Monthly Archives: October 2017

Anxiety trumps cognition

Our feeling state always trumps our cognitive state. That’s partly because developmentally the feeling state arises before the cognitive state comes into play.

 When we excite the feeling state, the feeling state tracks are a more prominent response to automaticity of expression. In other words, the feeling state will be reinforced, and if that state is too intense it is difficult for the cognitive state to have sway and to determine how appropriate the feeling state is.

 There is not time to think about saving yourself from danger when we need to take immediate action. Thus fight, flight, or freeze – our primary responses from the automaticity centre of our organic brain – and stopping to think at that point in time, might not be sensible approaches, especially if the lion is two feet away.

 We can see then, how the feeling state becomes rather fixed. Response to threat is anxiety.

 Depending on how much threat a child perceives in the world from their organic brain will determine their behaviour – rather than the actual experience that is occurring in the now.

For clarity of purpose, at times we have told parents, “So you made a mistake and you yelled at your kid. So what? They know you got mad, but they also know you can be kind.”

 When we parent we will not always be kind, and we don’t want to nurture the expectation that the world will always be kind. Our kids deserve to know they will have to cope sometimes with difficulties, and there are times they will have to cope with not knowing.

Plasticity of brain and thought

In some of us, the track in our brain that says, “This is a dangerous world,” gets balanced with the track that says, “You can cope with it.” We are aware of the danger, but the danger guides our actions rather than determines them.

This balance is evidenced in the plasticity of both the brain and thought.

As an organ, the brain learns to get control of its tracks. It does that in relationship with the people in closest proximity. During the first eight or nine years, the child and the child’s brain are totally dependent on care from others. The child can’t feed itself except in the sense that the child can pick up food and put it in their mouth, but they are unable to source their own food.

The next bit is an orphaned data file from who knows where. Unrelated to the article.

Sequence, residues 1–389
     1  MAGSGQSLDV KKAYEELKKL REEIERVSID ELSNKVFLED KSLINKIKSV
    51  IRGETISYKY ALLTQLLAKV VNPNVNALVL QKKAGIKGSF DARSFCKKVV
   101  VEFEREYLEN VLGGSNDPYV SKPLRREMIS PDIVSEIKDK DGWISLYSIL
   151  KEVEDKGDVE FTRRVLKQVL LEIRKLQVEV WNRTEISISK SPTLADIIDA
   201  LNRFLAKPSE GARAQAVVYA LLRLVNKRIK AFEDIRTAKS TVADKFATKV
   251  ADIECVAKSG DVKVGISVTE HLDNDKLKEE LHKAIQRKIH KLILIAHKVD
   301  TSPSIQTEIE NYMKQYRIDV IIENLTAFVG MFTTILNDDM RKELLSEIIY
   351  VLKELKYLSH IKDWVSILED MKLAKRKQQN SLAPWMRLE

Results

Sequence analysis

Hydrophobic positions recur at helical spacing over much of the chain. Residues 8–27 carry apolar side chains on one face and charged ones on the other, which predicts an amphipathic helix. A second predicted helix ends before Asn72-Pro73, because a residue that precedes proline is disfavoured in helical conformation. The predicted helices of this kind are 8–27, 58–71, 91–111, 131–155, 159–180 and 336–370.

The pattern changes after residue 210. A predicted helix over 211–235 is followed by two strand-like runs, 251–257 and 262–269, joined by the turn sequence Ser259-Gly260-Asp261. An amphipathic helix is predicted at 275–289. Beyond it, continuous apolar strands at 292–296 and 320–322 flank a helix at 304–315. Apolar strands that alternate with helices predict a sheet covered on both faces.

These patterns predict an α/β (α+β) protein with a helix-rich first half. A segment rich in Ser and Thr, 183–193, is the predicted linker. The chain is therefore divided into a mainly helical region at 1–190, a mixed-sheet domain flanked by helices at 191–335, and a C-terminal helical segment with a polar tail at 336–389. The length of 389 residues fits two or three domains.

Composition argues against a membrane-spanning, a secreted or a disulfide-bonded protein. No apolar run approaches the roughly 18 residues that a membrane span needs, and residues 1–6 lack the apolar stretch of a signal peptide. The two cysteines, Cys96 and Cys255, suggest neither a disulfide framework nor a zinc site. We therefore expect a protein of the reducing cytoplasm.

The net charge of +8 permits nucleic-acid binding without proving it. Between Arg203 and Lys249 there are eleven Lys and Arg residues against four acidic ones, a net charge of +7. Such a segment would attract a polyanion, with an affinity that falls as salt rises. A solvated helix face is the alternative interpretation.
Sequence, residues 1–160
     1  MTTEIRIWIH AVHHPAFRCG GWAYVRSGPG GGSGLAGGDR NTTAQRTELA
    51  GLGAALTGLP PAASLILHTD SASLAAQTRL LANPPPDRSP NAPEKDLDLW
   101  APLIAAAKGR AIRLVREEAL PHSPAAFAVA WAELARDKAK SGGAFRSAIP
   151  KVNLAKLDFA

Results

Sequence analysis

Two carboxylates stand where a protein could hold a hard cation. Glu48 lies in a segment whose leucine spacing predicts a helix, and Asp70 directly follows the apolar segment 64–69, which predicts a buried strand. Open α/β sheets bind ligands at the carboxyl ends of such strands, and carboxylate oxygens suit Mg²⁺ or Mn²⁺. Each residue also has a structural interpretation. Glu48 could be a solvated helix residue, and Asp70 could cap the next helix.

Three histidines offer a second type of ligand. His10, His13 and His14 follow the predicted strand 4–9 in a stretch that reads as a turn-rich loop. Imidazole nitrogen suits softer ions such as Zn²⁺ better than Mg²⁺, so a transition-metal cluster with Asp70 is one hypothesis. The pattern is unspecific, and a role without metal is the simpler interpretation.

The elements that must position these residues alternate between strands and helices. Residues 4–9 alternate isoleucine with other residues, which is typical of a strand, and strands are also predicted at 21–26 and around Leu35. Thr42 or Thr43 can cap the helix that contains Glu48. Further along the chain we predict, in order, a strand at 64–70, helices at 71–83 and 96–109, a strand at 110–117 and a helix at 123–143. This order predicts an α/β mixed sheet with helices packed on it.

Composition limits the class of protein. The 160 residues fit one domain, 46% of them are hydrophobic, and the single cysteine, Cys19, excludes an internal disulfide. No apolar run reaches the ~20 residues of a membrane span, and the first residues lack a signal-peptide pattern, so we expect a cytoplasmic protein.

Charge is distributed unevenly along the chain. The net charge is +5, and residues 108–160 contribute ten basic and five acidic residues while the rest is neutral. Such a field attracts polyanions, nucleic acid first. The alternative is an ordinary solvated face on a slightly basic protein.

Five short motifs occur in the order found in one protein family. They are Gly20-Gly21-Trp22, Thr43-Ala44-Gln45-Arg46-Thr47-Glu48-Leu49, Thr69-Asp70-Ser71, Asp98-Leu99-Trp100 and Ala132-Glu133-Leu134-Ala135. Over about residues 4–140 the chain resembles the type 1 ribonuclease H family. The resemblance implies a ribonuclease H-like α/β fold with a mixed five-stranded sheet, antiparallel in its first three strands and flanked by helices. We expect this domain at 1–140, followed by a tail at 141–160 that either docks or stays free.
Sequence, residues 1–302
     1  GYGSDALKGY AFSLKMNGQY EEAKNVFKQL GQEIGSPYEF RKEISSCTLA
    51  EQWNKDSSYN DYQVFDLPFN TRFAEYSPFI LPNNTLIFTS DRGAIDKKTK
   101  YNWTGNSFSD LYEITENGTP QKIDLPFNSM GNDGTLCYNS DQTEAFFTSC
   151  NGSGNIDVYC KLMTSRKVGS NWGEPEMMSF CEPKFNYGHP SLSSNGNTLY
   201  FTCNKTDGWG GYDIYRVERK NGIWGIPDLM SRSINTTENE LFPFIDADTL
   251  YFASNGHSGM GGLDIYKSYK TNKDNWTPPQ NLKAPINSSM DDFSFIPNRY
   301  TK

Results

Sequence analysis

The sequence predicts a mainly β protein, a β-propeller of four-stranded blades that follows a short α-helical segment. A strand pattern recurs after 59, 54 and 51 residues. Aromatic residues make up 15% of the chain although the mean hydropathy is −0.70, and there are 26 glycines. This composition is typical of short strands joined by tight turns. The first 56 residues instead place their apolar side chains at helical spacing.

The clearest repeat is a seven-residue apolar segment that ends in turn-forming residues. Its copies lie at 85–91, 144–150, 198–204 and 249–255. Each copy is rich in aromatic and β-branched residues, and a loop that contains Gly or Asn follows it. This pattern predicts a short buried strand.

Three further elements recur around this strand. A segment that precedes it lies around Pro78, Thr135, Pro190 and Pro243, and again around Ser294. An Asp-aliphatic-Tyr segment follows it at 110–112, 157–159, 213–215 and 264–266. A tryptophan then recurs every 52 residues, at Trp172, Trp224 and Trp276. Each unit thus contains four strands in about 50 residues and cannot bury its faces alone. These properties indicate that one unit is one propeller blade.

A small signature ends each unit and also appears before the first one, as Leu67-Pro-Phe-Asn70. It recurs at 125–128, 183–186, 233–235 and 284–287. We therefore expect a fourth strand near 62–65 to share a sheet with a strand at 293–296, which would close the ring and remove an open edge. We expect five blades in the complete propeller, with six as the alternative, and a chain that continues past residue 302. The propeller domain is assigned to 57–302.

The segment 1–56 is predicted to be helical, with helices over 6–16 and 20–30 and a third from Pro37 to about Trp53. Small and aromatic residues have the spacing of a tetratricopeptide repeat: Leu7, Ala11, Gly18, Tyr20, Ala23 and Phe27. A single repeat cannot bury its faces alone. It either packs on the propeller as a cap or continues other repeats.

Similarly the child can’t house him or herself. It can’t keep itself warm, or provide any basic needs. Everything is dependent on external care and parenting.

Building an internal world in the organic brain occurs during this period. These tracks are laid down in a way that promotes automaticity of thought and of action. That is, they are below the level of consciousness or consideration, for the most part. If we had to think about every action we are about to perform we would be paralyzed and unable to live in the world as we need to.

Parenting then becomes a reactive and proactive process that continues until the child’s brain reaches a stage of maturity where it develops a capacity to examine its own automaticity. The interaction between the thinking brain and the organic brain is an interface that allows for plasticity but is rate-limited. In other words, we can’t change our automaticity just by thought alone – it requires consideration and insight, which underlies critical thinking. Others may call this mindfulness. Thus most of our therapeutic endeavours are based on examination of this interface and rebalancing it towards a more fruitful expression of our needs.

In this way a child learns to balance as they go forward by relationships in their external world, and consideration of his or her past experience.


Children learn from their experiences, which are mediated to them through their senses of hearing, feeling, touching, seeing, smelling; and especially through information that seems important to them at the time. All experiences have potential for being recorded, thus children’s brains record all the good things that have happened and all of the bad things. We refer to balance as the measure of importance the child gives to each experience. This capacity underlies the child’s world view for good and bad. Whether the lessons of life are good or bad is immaterial. The child learns from both possibilities.

As an experience has happened, the brain has recorded that experience. We can add to an experience, but we can’t subtract from it.

If a child is traumatized we may then help them rebalance their experience through introducing new experiences, even though we can’t undo the past. An experience happened, the brain had the experience, and by its very nature, the brain recorded the event as occurring.

As we know, the brain prunes some experiences as they are not repeated, and other experiences are laid down, in what appear to be, permanent tracks. As the brain refines itself developmentally, it values some tracks over others, while some tracks may eventually be lost.

The science of this is expressed in a phenomenon. If you cover a cat’s eyes for the first nine days of its life, the cat is blind even though the seeing mechanism in the cat’s brain is intact. Since the cat has not had an opportunity to use its visual neural tracks, the tracks are unavailable and are not laid down.